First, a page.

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19th November 2018

Brexit: the threat to the transfer market and competitive balance of the Premier League

Sam McGonigle takes a look at how Brexit could cause massive changes to the Premier League.
Brexit: the threat to the transfer market and competitive balance of the Premier League
Photo: Flickr @Duncan Hull

As Britain heads towards an exit from the EU in March, we’re still none the wiser about the possible future for the United Kingdom.

The Premier League is clearly wary of the potential impact of Brexit, with the fear that tough, new regulations on signing players from the EU could limit the talent that clubs can access.

In the current system, clubs are free to sign any player from a country residing in the European Economic Area (EEA) as part of the of freedom-of-movement laws, yet there are strict rules governing the players they are able to sign from outside the EEA.

Essentially, to sign a non-EU national, they must appear regularly for a country in the top 60 of the world rankings, or command a transfer fee or wages exceeding the median paid by Premier League clubs the previous year, to suggest they are an exceptional talent.

The Premier League’s greatest concern is that these rules could now be extended to all European players, obstructing clubs’ ability to recruit from the continent. For the clubs outside the big six, who are much more likely to sign players who do not otherwise meet the work permit criteria, they will undoubtedly suffer.

These regulations would call into question the competitive balance of the Premier League and instil the already established elite, making the likelihood of another Leicester title miracle almost impossible.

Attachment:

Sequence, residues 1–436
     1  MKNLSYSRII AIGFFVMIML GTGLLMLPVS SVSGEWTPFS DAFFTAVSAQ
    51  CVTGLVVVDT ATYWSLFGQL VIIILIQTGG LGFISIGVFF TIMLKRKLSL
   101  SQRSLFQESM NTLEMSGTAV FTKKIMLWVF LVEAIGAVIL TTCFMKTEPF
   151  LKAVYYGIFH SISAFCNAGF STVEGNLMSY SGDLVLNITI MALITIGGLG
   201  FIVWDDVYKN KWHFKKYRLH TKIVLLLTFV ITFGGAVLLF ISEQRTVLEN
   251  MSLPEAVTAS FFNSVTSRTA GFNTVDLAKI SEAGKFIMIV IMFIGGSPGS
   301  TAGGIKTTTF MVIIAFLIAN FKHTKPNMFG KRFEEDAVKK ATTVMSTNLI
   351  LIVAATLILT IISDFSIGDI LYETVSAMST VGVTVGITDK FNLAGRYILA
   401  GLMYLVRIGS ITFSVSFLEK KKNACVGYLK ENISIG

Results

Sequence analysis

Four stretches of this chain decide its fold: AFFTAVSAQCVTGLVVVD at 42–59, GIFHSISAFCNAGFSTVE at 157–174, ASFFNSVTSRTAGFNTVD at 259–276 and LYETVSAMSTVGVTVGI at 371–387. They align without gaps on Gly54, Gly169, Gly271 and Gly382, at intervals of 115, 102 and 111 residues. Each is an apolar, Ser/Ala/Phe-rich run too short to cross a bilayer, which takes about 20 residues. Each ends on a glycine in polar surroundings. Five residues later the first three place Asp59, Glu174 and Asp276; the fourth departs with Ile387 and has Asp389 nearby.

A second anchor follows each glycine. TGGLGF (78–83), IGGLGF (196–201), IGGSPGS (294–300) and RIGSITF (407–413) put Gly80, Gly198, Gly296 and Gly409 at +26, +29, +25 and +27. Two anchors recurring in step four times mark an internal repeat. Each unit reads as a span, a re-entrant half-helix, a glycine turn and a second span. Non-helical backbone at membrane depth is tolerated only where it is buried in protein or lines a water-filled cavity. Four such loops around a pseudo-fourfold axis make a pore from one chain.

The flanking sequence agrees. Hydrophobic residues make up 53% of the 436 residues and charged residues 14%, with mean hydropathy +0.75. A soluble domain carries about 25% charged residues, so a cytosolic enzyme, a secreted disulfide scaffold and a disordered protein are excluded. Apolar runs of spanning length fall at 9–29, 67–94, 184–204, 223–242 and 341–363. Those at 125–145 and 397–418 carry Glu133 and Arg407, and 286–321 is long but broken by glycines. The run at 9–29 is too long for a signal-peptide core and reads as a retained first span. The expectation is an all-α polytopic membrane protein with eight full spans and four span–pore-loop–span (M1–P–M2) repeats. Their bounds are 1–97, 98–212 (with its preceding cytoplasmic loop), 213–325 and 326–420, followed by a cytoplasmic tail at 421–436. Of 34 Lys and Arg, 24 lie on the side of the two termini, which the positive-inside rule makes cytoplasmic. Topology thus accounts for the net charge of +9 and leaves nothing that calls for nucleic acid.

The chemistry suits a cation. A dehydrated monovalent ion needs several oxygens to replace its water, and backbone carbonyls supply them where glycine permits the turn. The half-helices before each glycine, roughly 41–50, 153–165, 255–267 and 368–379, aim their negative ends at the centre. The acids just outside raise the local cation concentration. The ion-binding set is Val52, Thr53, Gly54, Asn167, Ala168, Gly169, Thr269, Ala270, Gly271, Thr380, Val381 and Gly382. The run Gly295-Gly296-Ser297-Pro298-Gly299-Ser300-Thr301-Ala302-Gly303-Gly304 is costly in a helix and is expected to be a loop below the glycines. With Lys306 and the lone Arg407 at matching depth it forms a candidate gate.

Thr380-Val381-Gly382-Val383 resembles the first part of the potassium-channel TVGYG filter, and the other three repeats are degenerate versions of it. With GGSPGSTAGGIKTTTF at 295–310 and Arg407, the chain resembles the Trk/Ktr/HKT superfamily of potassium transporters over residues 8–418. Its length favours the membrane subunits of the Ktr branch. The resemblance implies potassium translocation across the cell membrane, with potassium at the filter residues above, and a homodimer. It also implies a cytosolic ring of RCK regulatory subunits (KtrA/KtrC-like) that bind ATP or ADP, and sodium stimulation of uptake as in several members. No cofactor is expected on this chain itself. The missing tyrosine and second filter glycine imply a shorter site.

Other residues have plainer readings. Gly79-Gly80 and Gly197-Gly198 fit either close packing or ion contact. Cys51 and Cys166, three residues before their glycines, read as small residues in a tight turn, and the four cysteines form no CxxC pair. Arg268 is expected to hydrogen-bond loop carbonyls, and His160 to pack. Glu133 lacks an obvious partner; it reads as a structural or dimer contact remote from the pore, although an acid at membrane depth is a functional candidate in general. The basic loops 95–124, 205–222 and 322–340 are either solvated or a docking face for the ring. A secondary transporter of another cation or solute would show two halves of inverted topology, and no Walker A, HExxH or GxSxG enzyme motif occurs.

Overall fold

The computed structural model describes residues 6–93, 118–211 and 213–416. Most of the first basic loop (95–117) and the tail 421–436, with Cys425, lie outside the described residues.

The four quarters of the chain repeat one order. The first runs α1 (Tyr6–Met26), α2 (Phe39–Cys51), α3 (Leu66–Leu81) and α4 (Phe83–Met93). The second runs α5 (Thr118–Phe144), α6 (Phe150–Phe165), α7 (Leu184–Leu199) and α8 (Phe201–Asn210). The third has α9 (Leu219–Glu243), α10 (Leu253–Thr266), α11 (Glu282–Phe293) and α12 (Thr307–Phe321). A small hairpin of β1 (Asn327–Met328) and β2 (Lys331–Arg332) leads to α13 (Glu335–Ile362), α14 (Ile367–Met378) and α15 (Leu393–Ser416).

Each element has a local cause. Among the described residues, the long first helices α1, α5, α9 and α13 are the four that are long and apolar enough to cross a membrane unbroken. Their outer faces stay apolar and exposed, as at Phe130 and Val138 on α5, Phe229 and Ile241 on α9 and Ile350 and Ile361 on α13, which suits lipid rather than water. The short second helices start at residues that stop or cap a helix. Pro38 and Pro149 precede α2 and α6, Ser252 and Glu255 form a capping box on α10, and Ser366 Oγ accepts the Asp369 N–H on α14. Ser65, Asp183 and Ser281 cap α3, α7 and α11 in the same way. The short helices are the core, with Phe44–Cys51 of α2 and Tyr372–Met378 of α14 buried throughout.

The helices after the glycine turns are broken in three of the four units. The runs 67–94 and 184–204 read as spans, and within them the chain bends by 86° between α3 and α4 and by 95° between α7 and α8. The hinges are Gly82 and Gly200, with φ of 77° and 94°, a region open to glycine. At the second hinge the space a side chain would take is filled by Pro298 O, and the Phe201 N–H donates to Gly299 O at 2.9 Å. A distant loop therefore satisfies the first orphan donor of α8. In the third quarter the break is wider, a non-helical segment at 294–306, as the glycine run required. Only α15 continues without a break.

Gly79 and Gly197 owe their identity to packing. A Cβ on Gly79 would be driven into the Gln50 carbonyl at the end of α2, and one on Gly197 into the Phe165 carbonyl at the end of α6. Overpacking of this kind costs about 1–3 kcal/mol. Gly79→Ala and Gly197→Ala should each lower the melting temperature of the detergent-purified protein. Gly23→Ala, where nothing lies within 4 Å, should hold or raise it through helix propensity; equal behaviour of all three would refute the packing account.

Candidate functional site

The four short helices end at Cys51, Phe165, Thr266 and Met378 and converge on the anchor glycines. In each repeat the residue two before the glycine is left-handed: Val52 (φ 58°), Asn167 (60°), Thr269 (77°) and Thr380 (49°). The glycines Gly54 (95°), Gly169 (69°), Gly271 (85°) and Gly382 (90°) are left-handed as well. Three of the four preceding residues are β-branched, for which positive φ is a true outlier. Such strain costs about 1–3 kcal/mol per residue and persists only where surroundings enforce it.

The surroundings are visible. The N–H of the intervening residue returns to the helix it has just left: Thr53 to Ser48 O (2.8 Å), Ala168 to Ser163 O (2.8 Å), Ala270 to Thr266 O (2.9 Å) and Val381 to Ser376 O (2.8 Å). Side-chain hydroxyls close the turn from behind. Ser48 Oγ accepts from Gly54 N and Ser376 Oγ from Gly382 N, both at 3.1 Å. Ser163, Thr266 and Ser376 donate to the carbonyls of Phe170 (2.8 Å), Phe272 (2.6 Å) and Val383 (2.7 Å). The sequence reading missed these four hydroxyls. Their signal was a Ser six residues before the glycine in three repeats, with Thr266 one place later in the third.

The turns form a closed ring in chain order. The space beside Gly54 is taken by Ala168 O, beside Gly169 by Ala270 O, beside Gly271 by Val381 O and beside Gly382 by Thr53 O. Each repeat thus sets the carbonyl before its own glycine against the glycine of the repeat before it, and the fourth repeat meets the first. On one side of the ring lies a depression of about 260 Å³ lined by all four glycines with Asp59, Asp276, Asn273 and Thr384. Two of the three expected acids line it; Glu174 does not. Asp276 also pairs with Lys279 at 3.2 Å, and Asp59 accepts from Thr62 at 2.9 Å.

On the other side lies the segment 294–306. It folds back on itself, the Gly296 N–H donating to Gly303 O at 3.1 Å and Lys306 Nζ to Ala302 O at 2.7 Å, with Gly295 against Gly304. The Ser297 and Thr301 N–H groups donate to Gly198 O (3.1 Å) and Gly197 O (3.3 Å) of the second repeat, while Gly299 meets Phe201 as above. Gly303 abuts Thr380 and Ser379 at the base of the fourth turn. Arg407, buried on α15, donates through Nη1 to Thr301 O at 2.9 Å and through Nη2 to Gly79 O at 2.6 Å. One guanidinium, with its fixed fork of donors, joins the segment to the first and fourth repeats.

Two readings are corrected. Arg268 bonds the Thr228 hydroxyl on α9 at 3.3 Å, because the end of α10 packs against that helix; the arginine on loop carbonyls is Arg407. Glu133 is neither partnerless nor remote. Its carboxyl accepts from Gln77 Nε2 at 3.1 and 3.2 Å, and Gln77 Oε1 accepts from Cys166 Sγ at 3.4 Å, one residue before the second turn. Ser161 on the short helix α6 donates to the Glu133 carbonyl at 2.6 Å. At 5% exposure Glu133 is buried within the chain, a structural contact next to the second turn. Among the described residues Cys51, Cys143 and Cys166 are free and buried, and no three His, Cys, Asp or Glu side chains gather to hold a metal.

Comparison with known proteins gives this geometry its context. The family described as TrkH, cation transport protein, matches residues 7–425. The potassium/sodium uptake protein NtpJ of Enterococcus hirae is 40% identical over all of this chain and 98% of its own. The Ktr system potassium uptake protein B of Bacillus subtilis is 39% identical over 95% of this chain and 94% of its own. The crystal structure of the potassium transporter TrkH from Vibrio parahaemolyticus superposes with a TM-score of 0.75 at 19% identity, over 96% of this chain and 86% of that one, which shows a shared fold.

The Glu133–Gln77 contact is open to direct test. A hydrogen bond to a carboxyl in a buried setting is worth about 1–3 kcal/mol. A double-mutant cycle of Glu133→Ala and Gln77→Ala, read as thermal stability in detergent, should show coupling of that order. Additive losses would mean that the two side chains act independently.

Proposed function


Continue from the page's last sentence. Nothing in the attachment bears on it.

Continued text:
The Tottenham manager Mauricio Pochettino has criticised the decision to leave the European Union. The Argentine compared Britain’s withdrawal from the European Union to a car crash and says that the uncertainty should prompt the Government to consider pausing March’s scheduled exit.

In this summer’s transfer window, Tottenham became the first Premier League club not to buy a single player since the window’s introduction in 2003.

Pochettino believes the price of delivering the new White Hart Lane, which has increased owing to the fall in the value of the pound, is one of the factors that have stopped him adding to his squad.

Talking about the current investments, Pochettino stated “What the club is doing is so brave… building a new training ground was a massive investment, the stadium is nearly £1bn. And then with Brexit it’s worse, as the cost is 30% more. That is a drama too. I feel sorry for the English people.”

However, the Manchester City coach Pep Guardiola has had little to say about the consequences of leaving the EU and rather chose to congratulate the United Kingdom, saying “the thing that I admire most about England is that… you have all been able to vote,”. The former Barcelona coach is seemingly approving of the British democratic system.

Guardiola is known for his personal views on Catalonia and has always remained a vocal proponent of support for the imprisoned activists and politicians campaigning for Catalan Independence.

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